Methods: We performed an electronic search in PubMed, Google Scholar, and Web of Sciences to evaluate the global prevalence of growth hormone impairment and different endocrinopathies in SCD in all publications in the past 25 years.
Results: Sixteen studies were included from 9 countries (USA, Canada, UK, Brazil, Jamaica, Egypt, Turkey, Saudi Arabia, and Bahrain) after 2000. The total number of patients was 1286. Most patients were children and adolescents <16 years. The pooled prevalence of hypogonadism/delayed puberty was 21% %. The pooled prevalence of GH deficiency in short SCD children with height SDS < -2 was 24.6%. Clinical and subclinical hypothyroidism occurred in 5.76% while diabetes and dysglycemia occurred in 10.9%. The prevalence of vitamin D deficiency was 62.3%.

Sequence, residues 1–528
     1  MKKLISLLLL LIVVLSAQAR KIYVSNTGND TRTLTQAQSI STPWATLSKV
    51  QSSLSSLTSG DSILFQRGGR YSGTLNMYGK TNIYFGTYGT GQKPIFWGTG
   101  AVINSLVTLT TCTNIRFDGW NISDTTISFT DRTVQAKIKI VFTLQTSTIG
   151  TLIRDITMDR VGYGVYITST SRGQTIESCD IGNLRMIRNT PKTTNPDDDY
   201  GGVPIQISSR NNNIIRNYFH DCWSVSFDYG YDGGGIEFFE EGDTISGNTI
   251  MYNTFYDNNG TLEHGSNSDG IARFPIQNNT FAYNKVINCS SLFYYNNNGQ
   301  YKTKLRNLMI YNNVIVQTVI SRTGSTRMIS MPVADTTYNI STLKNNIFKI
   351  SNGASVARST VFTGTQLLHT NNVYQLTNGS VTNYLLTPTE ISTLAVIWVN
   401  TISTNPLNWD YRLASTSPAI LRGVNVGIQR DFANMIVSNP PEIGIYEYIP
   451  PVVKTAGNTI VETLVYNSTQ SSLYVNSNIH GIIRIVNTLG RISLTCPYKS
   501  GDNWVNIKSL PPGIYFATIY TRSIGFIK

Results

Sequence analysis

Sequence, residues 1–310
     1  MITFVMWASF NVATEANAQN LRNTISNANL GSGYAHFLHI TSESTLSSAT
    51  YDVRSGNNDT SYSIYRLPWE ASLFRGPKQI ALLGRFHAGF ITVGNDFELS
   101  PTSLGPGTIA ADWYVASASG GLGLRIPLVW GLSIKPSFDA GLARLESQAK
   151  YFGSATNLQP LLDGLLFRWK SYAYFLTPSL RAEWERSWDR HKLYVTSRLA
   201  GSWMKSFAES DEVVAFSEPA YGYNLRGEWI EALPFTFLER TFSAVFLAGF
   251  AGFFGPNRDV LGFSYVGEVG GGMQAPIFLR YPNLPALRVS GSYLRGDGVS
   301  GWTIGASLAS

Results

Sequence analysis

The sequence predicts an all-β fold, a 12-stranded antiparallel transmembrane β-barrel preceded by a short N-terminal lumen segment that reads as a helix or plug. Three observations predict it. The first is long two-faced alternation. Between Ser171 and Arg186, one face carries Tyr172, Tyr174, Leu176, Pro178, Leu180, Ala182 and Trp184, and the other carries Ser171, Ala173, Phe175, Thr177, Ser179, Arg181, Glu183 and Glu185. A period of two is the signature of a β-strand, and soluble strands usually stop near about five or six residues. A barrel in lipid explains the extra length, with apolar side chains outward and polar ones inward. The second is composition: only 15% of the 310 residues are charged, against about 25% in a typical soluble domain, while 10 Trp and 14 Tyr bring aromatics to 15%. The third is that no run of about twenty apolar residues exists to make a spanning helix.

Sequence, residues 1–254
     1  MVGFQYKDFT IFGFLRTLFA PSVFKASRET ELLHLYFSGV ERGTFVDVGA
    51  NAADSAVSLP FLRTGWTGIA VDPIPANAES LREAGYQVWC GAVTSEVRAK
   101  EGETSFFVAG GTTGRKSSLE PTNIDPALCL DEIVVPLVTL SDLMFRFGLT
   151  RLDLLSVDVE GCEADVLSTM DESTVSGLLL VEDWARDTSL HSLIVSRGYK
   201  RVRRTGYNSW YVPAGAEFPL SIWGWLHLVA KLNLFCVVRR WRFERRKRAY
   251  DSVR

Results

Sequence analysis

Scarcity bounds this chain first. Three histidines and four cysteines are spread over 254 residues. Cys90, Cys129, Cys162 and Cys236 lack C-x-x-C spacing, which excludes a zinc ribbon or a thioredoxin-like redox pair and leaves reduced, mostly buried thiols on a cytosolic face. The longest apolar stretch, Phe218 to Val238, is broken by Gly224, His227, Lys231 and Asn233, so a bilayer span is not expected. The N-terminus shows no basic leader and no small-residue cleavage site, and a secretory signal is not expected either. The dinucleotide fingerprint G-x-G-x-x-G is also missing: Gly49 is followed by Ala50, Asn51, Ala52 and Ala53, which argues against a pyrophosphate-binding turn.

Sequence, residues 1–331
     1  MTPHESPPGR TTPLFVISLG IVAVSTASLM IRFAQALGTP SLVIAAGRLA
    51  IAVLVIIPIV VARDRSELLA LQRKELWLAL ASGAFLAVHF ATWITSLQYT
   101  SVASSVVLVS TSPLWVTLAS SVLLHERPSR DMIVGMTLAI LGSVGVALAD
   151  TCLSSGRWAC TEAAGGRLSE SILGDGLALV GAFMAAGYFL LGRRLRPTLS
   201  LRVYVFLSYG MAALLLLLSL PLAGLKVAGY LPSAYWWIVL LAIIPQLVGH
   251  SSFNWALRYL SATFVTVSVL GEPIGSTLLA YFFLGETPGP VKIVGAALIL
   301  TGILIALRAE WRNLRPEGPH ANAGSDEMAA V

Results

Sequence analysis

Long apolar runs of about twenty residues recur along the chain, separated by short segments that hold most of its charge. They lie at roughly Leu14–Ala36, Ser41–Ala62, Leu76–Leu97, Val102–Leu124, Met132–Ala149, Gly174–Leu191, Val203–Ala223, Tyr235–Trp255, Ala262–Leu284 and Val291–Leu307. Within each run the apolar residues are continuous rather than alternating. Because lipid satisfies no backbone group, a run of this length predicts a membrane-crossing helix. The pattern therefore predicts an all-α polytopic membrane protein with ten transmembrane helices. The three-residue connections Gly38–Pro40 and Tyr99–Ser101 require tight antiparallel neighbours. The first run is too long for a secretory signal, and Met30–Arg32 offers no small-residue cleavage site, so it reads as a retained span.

|Studies (No)||Patients (No)||%|
|Hypogonadism/ delayed puberty||11||779||20.95|
|GH deficiency||2||100||24.6% of short SCD|
|Diabetes mellitus and impaired glucose tolerance (IGT)||5||656||10.90|
|Clinical and subclinical Hypothyroidism||5||413||5.76|
|Vit D deficiency||3||184||62.30|
Conclusion: Our study revealed that near one-fifth of SCD patients suffered from hypogonadism and/or delayed puberty. One-fourth of short SCD children (HAZ < -2) had GH deficiency. Dysglycemia and diabetes mellitus occur later in life in 10.9% of SCD patients. Regular evaluation of growth and close monitoring of endocrine function for early and timely management of these abnormalities besides conventional treatment (hydroxyurea, and regular blood transfusion and chelation therapy in those with transfusion-dependent SCD) could significantly reduce these abnormalities. (table)
15 Sep 2022 - 17 Sep 2022